Thus came the climax in the framing of the thesis that the Vedic Aryans were invaders who destroyed the Harappan Civilization. We may now begin with an examination of Wheelers postulations. He speaks of a massacre at Mohenjo-daro. Was it really one? There are several flaws in it. In the first place, if it was a massacre which led to the destruction of the site and its consequent abandonment, one expects that these skeletons would lie at the uppermost level. But that is not the case. Stratigraphically, in the history of the site, some belonged to the Intermediate levels, some to the Late, while some more came from deposits which got accumulated after the site had been deserted. Secondly, as to their locale, all these came from the Lower Town an area occupied by the common folks, but none from the Citadel where lived the elites and the rulers. Are we then supposed to believe that the invaders were choosy in their onslaught and slaughtered only the commoners and carefully avoided the rulers who really ought to have been their prime target. Thirdly, some of the skeletons bore cut-marks which had been healed. Such a healing would have been impossible had the persons concerned died in a warfare, since the death would have been immediate, leaving no time for the wounds to heal. And finally, no weapons have been found at the site which could point to a warfare; nor has the site yielded any material remains that could be associated with the (supposed) invaders. Taking all these factors into consideration, one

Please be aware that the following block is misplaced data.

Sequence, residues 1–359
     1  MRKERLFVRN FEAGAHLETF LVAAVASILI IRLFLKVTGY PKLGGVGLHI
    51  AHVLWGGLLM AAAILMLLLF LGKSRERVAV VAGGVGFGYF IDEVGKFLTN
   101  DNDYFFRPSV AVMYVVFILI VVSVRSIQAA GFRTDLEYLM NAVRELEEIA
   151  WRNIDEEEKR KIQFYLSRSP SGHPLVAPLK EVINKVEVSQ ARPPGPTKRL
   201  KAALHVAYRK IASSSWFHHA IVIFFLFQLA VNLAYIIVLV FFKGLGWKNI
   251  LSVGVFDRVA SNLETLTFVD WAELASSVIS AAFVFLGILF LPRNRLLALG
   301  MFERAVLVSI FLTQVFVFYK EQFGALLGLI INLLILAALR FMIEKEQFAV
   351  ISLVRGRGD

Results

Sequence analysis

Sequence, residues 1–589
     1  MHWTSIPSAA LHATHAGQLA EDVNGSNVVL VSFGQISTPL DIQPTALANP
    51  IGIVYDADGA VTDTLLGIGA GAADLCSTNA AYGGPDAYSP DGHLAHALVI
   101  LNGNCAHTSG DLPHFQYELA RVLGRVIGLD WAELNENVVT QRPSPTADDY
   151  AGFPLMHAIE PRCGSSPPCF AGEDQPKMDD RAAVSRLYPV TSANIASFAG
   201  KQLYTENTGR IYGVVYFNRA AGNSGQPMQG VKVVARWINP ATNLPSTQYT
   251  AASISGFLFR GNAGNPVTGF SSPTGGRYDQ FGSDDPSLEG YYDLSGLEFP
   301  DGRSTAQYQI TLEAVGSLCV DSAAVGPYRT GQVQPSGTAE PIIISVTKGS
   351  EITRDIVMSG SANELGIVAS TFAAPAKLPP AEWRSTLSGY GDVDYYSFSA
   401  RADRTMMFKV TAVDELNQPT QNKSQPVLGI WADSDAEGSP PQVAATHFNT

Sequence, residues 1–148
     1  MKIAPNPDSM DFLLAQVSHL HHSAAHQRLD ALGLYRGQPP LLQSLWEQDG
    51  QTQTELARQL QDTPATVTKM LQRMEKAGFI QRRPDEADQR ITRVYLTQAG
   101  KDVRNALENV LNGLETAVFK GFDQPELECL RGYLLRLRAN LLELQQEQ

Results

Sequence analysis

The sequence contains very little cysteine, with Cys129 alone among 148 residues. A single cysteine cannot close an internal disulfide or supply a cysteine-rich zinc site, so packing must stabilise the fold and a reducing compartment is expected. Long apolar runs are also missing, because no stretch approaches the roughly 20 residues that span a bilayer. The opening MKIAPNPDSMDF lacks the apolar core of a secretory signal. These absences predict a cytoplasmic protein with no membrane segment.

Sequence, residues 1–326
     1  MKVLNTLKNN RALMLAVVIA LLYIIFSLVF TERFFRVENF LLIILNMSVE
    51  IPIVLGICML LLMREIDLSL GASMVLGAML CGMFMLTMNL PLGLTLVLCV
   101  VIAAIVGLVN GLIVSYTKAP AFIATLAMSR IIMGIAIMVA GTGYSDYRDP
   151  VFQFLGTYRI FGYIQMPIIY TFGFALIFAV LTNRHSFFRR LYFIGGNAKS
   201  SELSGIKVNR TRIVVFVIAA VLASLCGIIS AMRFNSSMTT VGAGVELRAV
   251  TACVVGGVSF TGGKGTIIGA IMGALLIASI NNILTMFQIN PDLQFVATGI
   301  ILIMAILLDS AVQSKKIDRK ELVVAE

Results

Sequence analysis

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cannot but agree with George F. Dales when he damns this as a mythical massacre 3. Surely, Indra stands exonerated! And there are many other eminent scholars who do not see eye to eye with Wheeler. For example, Collin Renfrew has the following comments to offer 4: